Wednesday, December 2, 2009

Introduction

I'm a writer by profession and a painter for fun. As a writer my work tends to skim along under the radar; only people who read the book page of the Christchurch Press see the reviews I've written, only people who read books and discuss them in groups (in the NZ WEA Book Discussion Scheme) read the notes that I might have provided. Feature articles have appeared here and there over the years, and the occasional short story turns up in magazines. Students I've taught have been at least partly responsible for the manual that eventually arose out of the courses they attended, and many others have bought the book and followed the hints and ideas they found between its covers. I'm not, therefore, a high-profile writer of blockbuster novels but rather a bread-and-butter writer who can sometimes add jam to her toast.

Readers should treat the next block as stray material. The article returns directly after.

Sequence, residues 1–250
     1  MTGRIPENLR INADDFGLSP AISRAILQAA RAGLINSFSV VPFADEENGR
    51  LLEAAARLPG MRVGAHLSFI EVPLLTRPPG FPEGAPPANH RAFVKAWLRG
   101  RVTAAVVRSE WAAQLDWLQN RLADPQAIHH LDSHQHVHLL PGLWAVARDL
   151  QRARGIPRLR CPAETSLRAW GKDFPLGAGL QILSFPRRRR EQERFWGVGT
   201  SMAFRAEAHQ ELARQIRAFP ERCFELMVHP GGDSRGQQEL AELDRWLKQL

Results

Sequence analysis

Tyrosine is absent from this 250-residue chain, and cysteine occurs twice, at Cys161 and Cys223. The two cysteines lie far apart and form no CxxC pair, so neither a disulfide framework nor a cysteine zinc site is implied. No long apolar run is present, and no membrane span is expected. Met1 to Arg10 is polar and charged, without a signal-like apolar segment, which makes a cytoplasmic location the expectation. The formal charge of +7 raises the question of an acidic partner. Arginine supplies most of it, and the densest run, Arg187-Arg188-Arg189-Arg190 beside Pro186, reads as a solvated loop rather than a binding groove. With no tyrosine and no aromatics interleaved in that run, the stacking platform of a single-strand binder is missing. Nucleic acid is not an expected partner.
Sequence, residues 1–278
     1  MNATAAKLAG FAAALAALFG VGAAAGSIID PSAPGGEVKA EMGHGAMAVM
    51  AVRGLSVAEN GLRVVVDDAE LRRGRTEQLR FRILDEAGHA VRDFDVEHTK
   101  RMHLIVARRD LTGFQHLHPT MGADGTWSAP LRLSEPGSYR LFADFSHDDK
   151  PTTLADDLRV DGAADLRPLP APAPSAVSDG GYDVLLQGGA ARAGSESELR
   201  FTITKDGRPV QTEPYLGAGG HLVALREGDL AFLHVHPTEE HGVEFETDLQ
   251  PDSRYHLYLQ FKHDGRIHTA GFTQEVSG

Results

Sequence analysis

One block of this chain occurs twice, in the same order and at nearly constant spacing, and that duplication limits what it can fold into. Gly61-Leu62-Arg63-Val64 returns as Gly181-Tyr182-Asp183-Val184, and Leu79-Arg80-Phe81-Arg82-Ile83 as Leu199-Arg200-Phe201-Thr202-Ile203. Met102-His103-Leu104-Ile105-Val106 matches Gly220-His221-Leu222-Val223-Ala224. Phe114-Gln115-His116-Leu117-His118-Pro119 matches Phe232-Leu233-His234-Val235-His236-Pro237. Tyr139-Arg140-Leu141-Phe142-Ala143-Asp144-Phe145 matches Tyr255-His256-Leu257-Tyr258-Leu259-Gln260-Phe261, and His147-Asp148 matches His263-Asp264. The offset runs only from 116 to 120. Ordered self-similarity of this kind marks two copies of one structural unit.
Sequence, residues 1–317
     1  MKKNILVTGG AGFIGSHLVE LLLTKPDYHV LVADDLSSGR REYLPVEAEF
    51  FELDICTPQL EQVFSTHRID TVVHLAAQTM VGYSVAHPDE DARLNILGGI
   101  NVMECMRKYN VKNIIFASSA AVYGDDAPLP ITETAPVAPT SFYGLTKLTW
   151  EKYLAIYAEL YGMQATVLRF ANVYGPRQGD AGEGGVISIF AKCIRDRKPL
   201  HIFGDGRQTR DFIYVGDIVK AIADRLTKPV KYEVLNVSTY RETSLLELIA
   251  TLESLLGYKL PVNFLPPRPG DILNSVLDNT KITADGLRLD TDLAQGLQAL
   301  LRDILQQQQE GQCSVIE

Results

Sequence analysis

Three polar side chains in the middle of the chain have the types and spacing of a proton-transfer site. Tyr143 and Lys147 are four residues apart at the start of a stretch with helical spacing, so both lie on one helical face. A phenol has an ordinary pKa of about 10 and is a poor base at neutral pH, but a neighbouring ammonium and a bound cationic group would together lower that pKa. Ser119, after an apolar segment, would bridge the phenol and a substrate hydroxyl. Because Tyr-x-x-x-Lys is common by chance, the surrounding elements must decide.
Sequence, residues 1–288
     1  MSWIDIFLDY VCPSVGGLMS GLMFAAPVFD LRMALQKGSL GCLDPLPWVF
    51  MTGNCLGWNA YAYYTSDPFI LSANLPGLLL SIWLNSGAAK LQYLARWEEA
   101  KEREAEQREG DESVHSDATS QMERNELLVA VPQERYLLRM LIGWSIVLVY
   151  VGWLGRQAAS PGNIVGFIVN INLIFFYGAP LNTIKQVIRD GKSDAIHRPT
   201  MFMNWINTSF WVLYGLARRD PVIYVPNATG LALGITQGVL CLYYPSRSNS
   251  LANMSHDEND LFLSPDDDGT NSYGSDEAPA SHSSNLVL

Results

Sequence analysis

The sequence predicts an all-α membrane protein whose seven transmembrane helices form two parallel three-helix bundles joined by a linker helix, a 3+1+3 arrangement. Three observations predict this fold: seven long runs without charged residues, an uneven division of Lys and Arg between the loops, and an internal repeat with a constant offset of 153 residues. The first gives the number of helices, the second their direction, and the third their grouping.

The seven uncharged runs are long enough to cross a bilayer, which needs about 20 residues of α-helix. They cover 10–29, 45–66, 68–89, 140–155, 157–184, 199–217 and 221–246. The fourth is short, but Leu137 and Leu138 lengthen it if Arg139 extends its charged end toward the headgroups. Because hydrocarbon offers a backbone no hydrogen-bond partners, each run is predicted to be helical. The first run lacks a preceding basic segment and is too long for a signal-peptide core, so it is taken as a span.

Painting is something else. Sunday painters are timorous creatures, unsure of their talent, usually untrained and easily squashed. People surge back and forth in front of their pictures trying to find something to say, because they too are unsure. They are also possibly afraid that if they enthuse too much they might get given the picture, because hobby painters no longer have enough room in their houses to hang any more. Amateur painters seek the approval of amateur critics (because they are the only ones they know) so they tend to paint pictures that their friends approve of - topographically accurate landscapes (chocolate-box pretties), apples and pears that look like apples and pears, and portraits that as someone once said always have something wrong with the mouth. Bad mistake. Even if it is true that, as Edward de Bono once said, unhappiness is best defined as the difference between our talents and our expectations, it is better to paint pictures that you approve of and take the consequences. A friend once described an exhibition of modern art as being full of pictures that looked as though they had been at the bottom of a bird cage. Praise like that has so far eluded me, but I have hopes. I am having my first exhibition in March 2010 at the Christchurch Arts Centre and hope to hang several quite bold pictures as well as a few more conventional ones. Here's a sample - it's called White Water.

No comments:

Post a Comment